I added the following to my
.emacs file to start R with the
(setq inferior-R-args "--no-save ")
Additionally I have the following in there to turn on a spelling checker and have line-wraps enabled:
;; Set pdflatex as the default command for Sweave (default: texi2pdf)
(setq ess-swv-pdflatex-commands (quote ("pdflatex"
I use Emacs‘ org-mode a lot for writing notes, todo lists, presentations and writing short reports. Recently I started writing a larger report which I normally would have done in LaTeX. This time, since the notes related to the project were already in org format, I decided to write the whole report in org-mode. The one thing I needed for that was using BibTeX bibliographies (and RefTeX) from org-mode. A quick web search revealed that that can easily be done by adding the following to your
;; Configure RefTeX for use with org-mode. At the end of your
;; org-mode file you need to insert your style and bib file:
;; See http://www.mfasold.net/blog/2009/02/using-emacs-org-mode-to-draft-papers/
(defun org-mode-reftex-setup ()
(define-key org-mode-map (kbd "C-c )") 'reftex-citation)
(add-hook 'org-mode-hook 'org-mode-reftex-setup)
After that, RefTeX works, but exporting the org document to PDF (via LaTeX) didn’t include the bibliography entries. A quick look at the error log showed that
bibtex hadn’t been run, so the question was: how to tell org-mode to do that too when exporting. The answer is to tell org-mode to use the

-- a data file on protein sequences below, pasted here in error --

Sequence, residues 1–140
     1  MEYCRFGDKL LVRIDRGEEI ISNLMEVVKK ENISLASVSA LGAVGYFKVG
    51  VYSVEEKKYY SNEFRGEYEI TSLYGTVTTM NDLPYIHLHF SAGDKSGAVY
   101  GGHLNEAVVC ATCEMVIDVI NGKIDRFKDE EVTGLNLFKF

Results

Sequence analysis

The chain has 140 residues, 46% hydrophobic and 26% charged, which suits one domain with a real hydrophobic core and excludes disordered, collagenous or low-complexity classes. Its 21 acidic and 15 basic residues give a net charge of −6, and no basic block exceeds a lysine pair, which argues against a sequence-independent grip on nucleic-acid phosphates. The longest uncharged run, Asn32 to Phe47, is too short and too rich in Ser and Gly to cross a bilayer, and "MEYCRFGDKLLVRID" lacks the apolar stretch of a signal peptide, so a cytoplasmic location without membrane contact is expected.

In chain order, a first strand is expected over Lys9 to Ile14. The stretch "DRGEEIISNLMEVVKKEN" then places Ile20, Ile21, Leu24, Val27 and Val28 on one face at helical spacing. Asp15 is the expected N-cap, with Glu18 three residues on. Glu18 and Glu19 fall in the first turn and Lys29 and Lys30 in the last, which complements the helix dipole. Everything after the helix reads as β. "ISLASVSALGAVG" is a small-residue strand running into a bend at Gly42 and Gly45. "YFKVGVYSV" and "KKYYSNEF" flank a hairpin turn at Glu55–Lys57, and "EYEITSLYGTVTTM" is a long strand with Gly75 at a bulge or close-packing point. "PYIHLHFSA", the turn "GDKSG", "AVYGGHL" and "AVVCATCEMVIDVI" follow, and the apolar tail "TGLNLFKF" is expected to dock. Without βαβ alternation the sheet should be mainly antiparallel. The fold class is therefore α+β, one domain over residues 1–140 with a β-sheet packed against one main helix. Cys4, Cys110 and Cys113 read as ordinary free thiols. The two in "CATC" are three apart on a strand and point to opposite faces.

latexmk Perl script (on Debian/Ubuntu it is easily installed from the package repositories) when exporting to PDF. I added the following lines to my
;; Use latexmk for PDF export
(setq org-latex-to-pdf-process (list "latexmk -pdf -bibtex %f"))
Today Planet Emacsen brought me Irreal’s second blog post in a short time on CUA mode in Emacs. So far I’ve always ignored it because as far as I knew CUA mode is about getting the Windows keyboard shortcuts of Ctrl-c, Ctrl-x and Ctrl-v for copying and pasting to Emacs. The thing is, I date back to the DOS era when Shift-Del and Shift-Ins were used for that, so back in my Windows days I never got used to those ‘new’ keyboard shortcut. Now that I’ve been an Emacs user for more than a decade I’m so used to C-w and C-y and I see no reason for having the Windows shortcuts work in Emacs.
Back to Irreal. In his recent blog posts he writes about a subset of cua-mode: cua-selection-mode. The video by Mark Mansour that we writes about says it all (it’s short, so go and watch it!). What cua-selection-mode is all about is rectangle editting. So far I’ve been using the regular Emacs keys for rectangle selection and editing (basically C-space to select a rectangle and C-r-k to cut it, C-r-t to insert text and C-r-y to paste a rectangle). By setting
~/.emacs file you only enable the rectangle features of CUA mode.
So, for those that didn’t watch the video, what does the rectangle editing mean? It means that you can for example simply insert a list of increasing numbers in a text (this may come in handy in an org-mode table for example), or you can insert the same text in front of and/or behind a selected column of text.
Key combos to remember are:
- C-return: Start selection
- return: move the cursor to top-left, top-right, bottom-left and bottom-right corner of the selected rectangle
- C-?: briefly list the available key combinations (with rectangle selection enabled)
- M-i: if the selection is a column of numbers increase the numbers (by one)
- M-n: Insert a number in the column (asks for start value and increment value)
- C-1 C-w: Kill (cut) the contents of the rectangle to register 1 (you can use number 0–9 for different registers). Using C-1 C-y yanks (pastes) the rectangle at the cursor position.